An international mobiliser

Cezar and I shared a passion to promote this methodology to other cities and countries. We first needed to evidence the system. With GSL Coordinator, Vania Gonçalves de Souza, and the support of the UN Global Compact – Cities Programme, Felicity Cahill and I led a four year research project to document the Chocolatão story and the work of the Sustainability and Citizenship Networks.

We took the model to international stages. Cézar was an inspirational speaker. He would implore audiences from across the world to collaborate, to overcome cities’ poverty and inequity through partnership.

This began at Rio+20 in 2012 where he and Vania Gonçalves de Souza presented to the United Nations Global Compact. The last global gathering Cézar attended was Habitat III in Quito, Ecuador in 2016.

New friends. Cézar with Javíer Cortes, Head of the Americas for the United Nations Global Compact, at Habitat III.

At this point, the Sustainability and Citizenship Network model was being applied throughout Porto Alegre.  Cézar presented to private sector leaders from across Latin America.

In Quito, Cézar looked like he was going to overcome his illness. He told me it was the limitless love of his wife, Miriam – and the care of his family and his many friends – that was raising him up;  this and his passion to continue the work.

A leader of leaders

My last time with Cézar was in November 2016 in Porto Alegre. It was a highlight moment in our collaboration and friendship that I will never forget. I had no idea that I might not see him again – he looked very well.

We participated in a special meeting at Vila Flores in the Fourth District which was instigated by Cézar and Vania. It brought together leaders from a number of the Sustainability and Citizenship networks, including the 100RC team.

The network meeting process says much about Cezár’s unique approach to governance of which dialogue, respect and equality are at the heart.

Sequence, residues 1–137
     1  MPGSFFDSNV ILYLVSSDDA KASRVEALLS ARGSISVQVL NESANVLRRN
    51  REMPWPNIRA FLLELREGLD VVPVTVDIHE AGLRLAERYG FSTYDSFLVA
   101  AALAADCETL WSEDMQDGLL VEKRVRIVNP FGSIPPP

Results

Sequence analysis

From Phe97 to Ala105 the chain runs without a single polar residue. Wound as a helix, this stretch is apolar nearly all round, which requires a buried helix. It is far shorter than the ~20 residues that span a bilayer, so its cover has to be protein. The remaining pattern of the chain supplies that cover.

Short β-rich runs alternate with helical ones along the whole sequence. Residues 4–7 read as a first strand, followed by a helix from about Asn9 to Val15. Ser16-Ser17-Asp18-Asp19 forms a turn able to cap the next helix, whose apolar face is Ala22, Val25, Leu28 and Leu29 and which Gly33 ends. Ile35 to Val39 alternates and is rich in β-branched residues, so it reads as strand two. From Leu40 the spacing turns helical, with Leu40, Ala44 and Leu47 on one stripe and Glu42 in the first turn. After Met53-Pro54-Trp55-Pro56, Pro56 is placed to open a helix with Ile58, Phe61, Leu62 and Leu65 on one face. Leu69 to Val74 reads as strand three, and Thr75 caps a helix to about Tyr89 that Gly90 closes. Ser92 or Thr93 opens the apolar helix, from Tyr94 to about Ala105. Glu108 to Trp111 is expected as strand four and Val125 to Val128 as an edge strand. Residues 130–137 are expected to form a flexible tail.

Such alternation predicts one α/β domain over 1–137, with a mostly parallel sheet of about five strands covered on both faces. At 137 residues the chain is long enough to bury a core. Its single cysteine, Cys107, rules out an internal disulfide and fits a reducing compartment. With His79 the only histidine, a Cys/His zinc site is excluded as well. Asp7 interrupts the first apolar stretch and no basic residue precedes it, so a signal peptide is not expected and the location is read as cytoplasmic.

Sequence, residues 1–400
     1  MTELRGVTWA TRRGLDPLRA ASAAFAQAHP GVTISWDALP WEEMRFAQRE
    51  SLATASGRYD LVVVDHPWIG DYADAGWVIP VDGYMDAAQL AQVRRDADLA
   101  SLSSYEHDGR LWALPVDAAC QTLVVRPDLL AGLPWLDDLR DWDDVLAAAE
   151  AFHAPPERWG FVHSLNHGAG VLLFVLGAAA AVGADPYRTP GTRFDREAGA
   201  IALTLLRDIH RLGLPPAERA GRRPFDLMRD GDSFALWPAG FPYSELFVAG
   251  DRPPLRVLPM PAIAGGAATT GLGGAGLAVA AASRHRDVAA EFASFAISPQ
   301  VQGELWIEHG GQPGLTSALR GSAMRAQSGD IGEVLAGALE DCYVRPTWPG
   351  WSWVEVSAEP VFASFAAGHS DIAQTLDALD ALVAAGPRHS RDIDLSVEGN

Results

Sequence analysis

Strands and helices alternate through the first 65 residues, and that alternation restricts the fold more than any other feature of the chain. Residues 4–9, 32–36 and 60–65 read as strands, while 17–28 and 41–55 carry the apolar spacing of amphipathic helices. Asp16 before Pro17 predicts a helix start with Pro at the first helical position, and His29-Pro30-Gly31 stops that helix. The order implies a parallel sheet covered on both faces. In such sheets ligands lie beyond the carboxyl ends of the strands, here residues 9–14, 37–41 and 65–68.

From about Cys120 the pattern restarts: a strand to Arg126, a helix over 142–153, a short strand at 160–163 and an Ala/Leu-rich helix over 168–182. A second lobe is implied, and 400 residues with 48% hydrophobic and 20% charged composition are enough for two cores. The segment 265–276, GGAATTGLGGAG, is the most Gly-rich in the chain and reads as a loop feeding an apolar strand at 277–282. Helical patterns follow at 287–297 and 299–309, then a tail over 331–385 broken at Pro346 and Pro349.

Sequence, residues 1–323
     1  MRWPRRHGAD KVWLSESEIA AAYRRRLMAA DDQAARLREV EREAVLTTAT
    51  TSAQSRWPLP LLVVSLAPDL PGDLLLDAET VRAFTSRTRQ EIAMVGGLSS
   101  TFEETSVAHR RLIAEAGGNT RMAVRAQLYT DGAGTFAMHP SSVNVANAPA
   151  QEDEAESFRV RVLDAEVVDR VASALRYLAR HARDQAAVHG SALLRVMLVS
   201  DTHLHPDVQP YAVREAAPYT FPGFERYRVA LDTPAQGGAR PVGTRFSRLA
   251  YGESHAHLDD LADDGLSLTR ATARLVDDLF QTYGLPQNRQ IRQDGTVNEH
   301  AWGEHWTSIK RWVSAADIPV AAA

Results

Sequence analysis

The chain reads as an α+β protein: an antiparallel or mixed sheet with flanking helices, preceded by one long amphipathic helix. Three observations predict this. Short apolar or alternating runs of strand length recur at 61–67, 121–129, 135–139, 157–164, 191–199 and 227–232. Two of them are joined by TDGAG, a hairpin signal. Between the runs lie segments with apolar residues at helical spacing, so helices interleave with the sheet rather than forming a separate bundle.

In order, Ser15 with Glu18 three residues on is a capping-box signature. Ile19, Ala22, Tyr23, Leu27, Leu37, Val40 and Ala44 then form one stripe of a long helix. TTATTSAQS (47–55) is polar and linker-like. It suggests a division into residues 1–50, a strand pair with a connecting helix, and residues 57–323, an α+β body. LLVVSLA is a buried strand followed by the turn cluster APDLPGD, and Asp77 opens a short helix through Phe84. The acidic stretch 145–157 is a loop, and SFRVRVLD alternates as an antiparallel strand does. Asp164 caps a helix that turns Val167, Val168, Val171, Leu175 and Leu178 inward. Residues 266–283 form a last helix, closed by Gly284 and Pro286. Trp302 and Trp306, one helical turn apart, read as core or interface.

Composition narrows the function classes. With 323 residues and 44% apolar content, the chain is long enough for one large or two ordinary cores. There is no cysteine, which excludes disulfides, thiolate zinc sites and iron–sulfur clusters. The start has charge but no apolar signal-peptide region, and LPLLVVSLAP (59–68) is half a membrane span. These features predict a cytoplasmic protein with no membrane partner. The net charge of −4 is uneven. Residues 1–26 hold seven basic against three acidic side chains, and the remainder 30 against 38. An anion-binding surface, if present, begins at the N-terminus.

Cezár blended in with the group. Set up in circular formation with no head of table, all were equal. Members told their story, speaking of the challenges and the achievements. Each speaker then invited another colleague to speak, the process was seamless and organic but also powerful. Dayane Belmonte Ramos’s description of life at Vila Santo Andre was particularly moving.

Cezar after the Circle Dialogue at Vila Flores in the Fourth District

The meeting finished and Cézar was glowing. He was in his element – in connection with people who were unilaterally committed to improving the lives of others.

This was a powerful community of social change pioneers whose leadership had been fostered by Cézar and by leaders like Vania Gonçalves de Souza and Denise Costa de Souza, who Cézar had mentored. He was very pleased – and rightly so. It had taken years of unrelenting effort to achieve the unity, the commonality of purpose and the breadth of work reflected in that room.

Whilst all will say there is so much yet to be done, their achievements are the realisation of long held dreams.

Cézar’s thoughts on this work are beautifully articulated in his report to 100 RC in 2016:

In my 30 years in public life, the task of coordinating, articulating, and spreading a new model of urban resilience, in a city of 1.5 million people, has been the greatest challenge of all. This job has given me great joy and satisfication and I am proud of our progress, which does not stop here. I will continue on the path of collaboration to build a world with more opportunities for all.

I believe we are honour bound to take Cézar’s work forward.

Muito Obrigada

In finishing – which I am reluctant to do because it means I am saying goodbye – if I could speak directly to my friend, I would say: “dearest Cézar, you leave a hole in our hearts the size of Sydney Harbour with your passing. You will be sorely missed. But the work that you have started will continue – and it will grow. And your  words will continue to inspire  … amigo mío especial, te extraño mucho. Muito obrigada por todo”.

Our deepest condolences are offered to Cezar’s wife, Miriam and to his children, grandchildren, family and many other friends.


Feature Image: Cézar Bussato with wife Miriam Linera and Rodrigo Corradi at the Inauguration of Nova Residencial Chocolatão, Porto Alegre, 13 May 2011.

Above Right: Vania Gonçalves de Souza and Cézar Bussato on the same day and occasion.

Below: Sandra Moye, Cezar Bussato and Elizabeth Ryan at Habitat III, Quito, Ecuador, October 2016.

Author: Elizabeth Ryan


Note: In addition to the roles described above, Cézar Bussato was the Deputy Governor of the State of Rio Gran do Sul and an Economist from the Federal University of Rio Grande do Sul (UFRGS). Cézar was also a Global Advisor to the UN Global Compact – Cities Programme.